The beauty of this movie is that Quan gets to be the action star and romantic lead that he couldn’t be back in the 1990s. In one of the alternate universes, Evelyn is a movie star (a clever meta moment, featuring real red carpet footage of Yeoh herself). At a premiere, movie star Evelyn spots CEO Waymond, the one who got away. The gorgeous scenes are framed just like something out of a Wong Kar-wai movie. From a distance, CEO Waymond looks an awful lot like Wong’s frequent collaborator, Hong Kong star Tony Leung.
This too is a full-circle moment for Quan. After quitting acting, he graduated from the University of Southern California’s film school and then worked behind the camera in various roles, like as a stunt coordinator and fight choreographer on “X-Men” and “The One.” For years, he also worked with Wong, including as his assistant director on “2046.”
Now, instead of watching Leung from behind the camera on one of Wong’s masterpieces, Quan got to “walk on set and to be in that suit with my hair gelled back,” he said. “To be able to be a part of this homage to the great master himself was really sweet.”
In the four years since “Crazy Rich Asians,” Asian representation on screen, while still limited in many ways, is slowly but surely becoming more commonplace and varied. Each major movie or role for an Asian actor lays the foundation for the next one. Hsu just filmed a comedy directed by “Crazy Rich Asians” co-screenwriter Adele Lim, set to be released later this year. It’s the culmination of a journey that began with her breakout role in the musical “Be More Chill” and progressed to TV roles in “The Marvelous Mrs. Maisel” and “Awkwafina Is Nora From Queens.”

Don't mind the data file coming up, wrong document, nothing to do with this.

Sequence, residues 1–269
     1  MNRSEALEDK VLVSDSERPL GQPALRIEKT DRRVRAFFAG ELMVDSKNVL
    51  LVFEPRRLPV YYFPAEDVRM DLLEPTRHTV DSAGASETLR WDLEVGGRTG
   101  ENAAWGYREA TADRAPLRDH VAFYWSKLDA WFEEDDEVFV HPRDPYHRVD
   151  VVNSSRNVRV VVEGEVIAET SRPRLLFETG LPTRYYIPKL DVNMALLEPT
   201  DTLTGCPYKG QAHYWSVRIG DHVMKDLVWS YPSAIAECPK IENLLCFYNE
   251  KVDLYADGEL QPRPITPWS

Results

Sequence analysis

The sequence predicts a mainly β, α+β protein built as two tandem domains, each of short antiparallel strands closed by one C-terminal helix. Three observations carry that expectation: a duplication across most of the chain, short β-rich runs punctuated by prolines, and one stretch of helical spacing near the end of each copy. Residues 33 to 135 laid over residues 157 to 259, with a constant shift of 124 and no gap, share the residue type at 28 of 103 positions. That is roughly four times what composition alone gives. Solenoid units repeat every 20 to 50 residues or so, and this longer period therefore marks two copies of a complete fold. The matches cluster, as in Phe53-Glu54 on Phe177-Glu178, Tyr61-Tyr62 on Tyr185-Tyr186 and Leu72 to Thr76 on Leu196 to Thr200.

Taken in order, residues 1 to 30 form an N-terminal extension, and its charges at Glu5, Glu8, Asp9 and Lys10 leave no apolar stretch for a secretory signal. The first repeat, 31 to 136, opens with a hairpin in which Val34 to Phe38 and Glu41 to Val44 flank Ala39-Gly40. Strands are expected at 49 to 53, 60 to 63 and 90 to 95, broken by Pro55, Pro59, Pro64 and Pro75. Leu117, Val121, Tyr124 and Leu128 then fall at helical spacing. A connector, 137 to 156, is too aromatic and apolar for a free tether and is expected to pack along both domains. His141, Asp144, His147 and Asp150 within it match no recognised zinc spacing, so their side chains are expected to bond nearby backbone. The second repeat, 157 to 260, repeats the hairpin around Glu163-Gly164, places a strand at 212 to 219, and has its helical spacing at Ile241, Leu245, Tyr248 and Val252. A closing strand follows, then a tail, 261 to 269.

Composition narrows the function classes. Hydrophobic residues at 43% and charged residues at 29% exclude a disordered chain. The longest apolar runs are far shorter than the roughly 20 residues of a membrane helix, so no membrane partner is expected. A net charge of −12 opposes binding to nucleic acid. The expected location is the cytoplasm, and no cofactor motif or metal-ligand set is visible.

“I came from a world of making experimental downtown theater,” Hsu said. “I feel like I have somehow managed to sneak in through the back door and make a movie with a bunch of weirdos that I’m confident so many people are going to love, and it’s going to be a cult classic that they study in film school.”
Quan is currently filming the Disney+ adaptation of the graphic novel “American Born Chinese,” also starring Yeoh. He’s hopeful this moment, unlike the 1990s, isn’t a blip, but a real transformation.
“Change is definitely happening. It might not move as fast as we want, but with all sustainable improvement, it happens gradually. My return to acting is a direct result of some of the progress that’s been made by the Asian talents working in Hollywood today. I remember, over the years, I’ve met a lot of them and they always say, ‘Ke, thank you, man. You’re the OG. Thank you for paving the way for us to be here.’ What’s really interesting is that they also paved the way for my return.”
“My return, it proves how important it is for not just Asians, but for everybody to be represented in entertainment, because until it happens, you just can’t imagine that it can also be you up there on the screen,” he continued. “I can’t imagine how many others like myself out there, young and old, who share in the same dream that lay dormant for many years. So if you ask me what I hope our movie can do, I really hope ‘Everything Everywhere All at Once’ does for these dreamers what ‘Crazy Rich Asians’ did for me. That would make me really happy.”
“Everything Everywhere All at Once” is now playing in select theaters and will premiere in wide release on April 8.